By now, we’ve all heard of the awful death of Savita Halappanavar and the efforts of her husband, Praveen, to get some answers as to what happened. Without knowing the specifics of the case, it’s difficult to judge what may or may not have happened. Hopefully the new HIQA inquiry will cast some light on this sad affair but with the news that the HSE have no record of the termination requests, I’m not especially confident that it will be anything other than the usual Irish whataboutery, obfuscation and eventual whitewash.
What I would like to do is bring some attention to some writing purporting to be from Eamon O’Dwyer, Professor, emeritus, of Obstetrics and Gynaecology, National University of
Ireland, Galway. For those who are not aware, “Professor emeritus” is the title given to retired professors and for the moment, it would probably be safe to assume that the fact of him being a professor at the same hospital Savita died at is nothing more than an unfortunate coincidence. The article appears to date from shortly after the 2002 referendum.
There’s a blog you can view at the FIAMC website (World Federation of the Catholic Medical Associations) which purports to be written by Professor O’Dwyer and what he has to say is rather interesting.
It starts off as an overly romantic ode to early and middle-ages Christian Ireland and it’s effect on the practice of medicine but in common with an awful lot of Irish history, once you get to the Penal Laws, the tone starts to change. It becomes less about the intertwining of faith and ordinary life and more about how secular medical ethics are in his opinion fundamentally flawed.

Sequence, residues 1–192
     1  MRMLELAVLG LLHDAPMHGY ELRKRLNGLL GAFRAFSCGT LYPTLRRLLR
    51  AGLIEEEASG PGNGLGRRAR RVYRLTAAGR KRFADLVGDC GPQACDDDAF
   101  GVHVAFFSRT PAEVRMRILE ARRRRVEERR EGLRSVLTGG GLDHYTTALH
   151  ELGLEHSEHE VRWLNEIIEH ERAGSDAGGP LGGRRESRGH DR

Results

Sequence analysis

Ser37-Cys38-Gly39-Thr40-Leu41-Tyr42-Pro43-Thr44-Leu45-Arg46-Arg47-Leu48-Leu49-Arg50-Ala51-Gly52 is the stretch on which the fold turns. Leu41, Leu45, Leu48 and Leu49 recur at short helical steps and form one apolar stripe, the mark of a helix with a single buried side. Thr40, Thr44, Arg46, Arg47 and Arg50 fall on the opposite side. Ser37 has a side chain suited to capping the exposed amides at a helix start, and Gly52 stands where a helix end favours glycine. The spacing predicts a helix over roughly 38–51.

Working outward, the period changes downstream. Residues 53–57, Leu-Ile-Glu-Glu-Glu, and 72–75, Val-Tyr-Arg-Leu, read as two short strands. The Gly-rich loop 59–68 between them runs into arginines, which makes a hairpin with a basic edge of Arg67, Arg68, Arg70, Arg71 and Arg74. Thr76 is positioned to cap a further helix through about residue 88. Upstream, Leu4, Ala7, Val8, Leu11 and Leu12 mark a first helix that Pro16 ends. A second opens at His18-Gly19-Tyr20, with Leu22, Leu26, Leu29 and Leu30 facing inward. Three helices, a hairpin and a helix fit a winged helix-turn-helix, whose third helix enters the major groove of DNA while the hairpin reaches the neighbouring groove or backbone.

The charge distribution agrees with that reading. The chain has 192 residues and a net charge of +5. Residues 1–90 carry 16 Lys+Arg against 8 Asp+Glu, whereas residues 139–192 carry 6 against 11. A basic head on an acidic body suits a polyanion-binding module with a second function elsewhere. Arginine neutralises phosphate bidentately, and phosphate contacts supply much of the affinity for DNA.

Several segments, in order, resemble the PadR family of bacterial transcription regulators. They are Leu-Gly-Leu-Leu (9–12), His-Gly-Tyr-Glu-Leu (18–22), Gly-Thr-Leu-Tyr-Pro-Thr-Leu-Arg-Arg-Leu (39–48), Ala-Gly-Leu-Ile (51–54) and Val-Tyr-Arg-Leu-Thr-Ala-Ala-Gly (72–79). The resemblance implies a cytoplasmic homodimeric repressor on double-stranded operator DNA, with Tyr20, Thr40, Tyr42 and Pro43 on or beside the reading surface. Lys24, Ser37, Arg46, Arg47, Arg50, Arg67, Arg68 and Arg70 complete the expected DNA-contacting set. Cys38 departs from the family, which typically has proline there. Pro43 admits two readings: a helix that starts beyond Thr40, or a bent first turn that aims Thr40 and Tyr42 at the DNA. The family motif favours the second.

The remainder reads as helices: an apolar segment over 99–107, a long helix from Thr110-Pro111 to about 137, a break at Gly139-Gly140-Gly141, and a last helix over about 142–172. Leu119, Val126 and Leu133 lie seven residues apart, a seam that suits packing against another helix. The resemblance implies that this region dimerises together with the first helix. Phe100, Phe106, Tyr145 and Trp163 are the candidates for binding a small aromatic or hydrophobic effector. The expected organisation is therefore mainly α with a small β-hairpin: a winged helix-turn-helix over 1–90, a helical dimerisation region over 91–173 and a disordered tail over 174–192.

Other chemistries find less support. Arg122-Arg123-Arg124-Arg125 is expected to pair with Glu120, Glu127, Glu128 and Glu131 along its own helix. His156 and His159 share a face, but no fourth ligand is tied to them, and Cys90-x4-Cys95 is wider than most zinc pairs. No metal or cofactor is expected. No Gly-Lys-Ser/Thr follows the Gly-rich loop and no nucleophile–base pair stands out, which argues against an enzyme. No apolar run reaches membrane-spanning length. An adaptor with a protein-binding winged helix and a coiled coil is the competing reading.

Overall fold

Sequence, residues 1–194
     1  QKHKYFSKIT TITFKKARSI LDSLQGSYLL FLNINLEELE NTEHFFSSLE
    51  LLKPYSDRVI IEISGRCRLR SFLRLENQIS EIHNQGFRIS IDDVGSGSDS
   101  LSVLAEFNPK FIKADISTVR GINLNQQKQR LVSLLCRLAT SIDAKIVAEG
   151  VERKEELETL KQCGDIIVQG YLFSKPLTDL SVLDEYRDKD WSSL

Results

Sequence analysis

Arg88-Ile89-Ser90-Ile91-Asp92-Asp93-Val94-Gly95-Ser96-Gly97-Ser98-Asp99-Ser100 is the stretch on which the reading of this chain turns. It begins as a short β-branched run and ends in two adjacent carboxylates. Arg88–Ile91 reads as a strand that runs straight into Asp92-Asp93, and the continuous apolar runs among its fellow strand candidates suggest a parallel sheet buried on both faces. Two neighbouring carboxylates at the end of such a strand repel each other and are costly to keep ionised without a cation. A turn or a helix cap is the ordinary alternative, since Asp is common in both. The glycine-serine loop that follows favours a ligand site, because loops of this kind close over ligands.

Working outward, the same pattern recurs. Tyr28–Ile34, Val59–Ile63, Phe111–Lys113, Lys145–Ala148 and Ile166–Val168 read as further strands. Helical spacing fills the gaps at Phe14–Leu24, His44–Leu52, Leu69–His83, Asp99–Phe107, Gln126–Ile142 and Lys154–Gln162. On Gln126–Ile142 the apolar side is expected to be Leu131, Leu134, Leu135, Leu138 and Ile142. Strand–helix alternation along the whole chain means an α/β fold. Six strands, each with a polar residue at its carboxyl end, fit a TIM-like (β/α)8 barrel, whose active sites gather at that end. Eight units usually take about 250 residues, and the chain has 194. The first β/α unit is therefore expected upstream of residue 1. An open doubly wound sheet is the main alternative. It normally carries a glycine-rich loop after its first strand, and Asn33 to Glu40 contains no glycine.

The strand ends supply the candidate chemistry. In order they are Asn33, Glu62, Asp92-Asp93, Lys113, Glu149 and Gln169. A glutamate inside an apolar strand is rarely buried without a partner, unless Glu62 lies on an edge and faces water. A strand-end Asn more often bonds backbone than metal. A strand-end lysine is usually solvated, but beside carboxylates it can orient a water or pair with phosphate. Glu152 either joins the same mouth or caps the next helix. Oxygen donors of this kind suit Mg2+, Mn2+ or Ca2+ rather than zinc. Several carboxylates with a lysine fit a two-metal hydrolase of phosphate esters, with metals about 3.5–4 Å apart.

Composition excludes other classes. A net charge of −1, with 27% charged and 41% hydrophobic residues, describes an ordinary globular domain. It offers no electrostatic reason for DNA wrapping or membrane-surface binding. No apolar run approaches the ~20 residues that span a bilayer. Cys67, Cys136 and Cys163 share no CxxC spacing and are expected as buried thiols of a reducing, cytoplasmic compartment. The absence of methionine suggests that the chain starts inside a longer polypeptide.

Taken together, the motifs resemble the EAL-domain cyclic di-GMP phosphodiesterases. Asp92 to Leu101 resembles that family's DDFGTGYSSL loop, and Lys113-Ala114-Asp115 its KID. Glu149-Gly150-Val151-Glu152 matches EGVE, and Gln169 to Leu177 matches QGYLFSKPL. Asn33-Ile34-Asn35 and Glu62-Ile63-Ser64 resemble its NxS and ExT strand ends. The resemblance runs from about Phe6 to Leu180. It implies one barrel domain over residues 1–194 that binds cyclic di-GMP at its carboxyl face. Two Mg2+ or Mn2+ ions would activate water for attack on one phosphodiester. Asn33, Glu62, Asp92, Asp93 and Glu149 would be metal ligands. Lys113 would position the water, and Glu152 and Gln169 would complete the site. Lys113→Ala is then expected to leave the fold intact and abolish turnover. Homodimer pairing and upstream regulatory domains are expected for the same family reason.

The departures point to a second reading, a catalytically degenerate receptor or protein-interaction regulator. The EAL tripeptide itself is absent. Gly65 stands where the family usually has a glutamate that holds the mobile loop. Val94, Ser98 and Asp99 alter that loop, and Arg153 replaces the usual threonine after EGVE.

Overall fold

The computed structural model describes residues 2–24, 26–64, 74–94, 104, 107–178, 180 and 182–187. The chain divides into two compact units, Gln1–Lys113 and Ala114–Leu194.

These colleges, now independent Universities, continue to produce graduates of the highest calibre. At the same time, one would have to say — as a former dean of a medical faculty — that ethics does not rate highly in the undergraduate curriculum.
He also brings attention to The Offences Against the Person Act, 1861, which is still in force in this country today and makes it clear that deliberation termination of a pregnancy is a felony.
It’s when he starts talking about the 1974 Supreme Court case effectively legalising contraceptives in Ireland that things start coming off the rails a bit and the article starts to veer into the sneering smugness that fundamentalists do so well.
I stated earlier that Ireland was a Catholic country, with 94 per cent of the population in a recent census describing themselves as Roman Catholic.
Unfortunately, we appear to lack the fortitude which enabled our ancestors steadfastly to remain Catholic in word and deed; many nowadays are what might be called al a carte Catholics.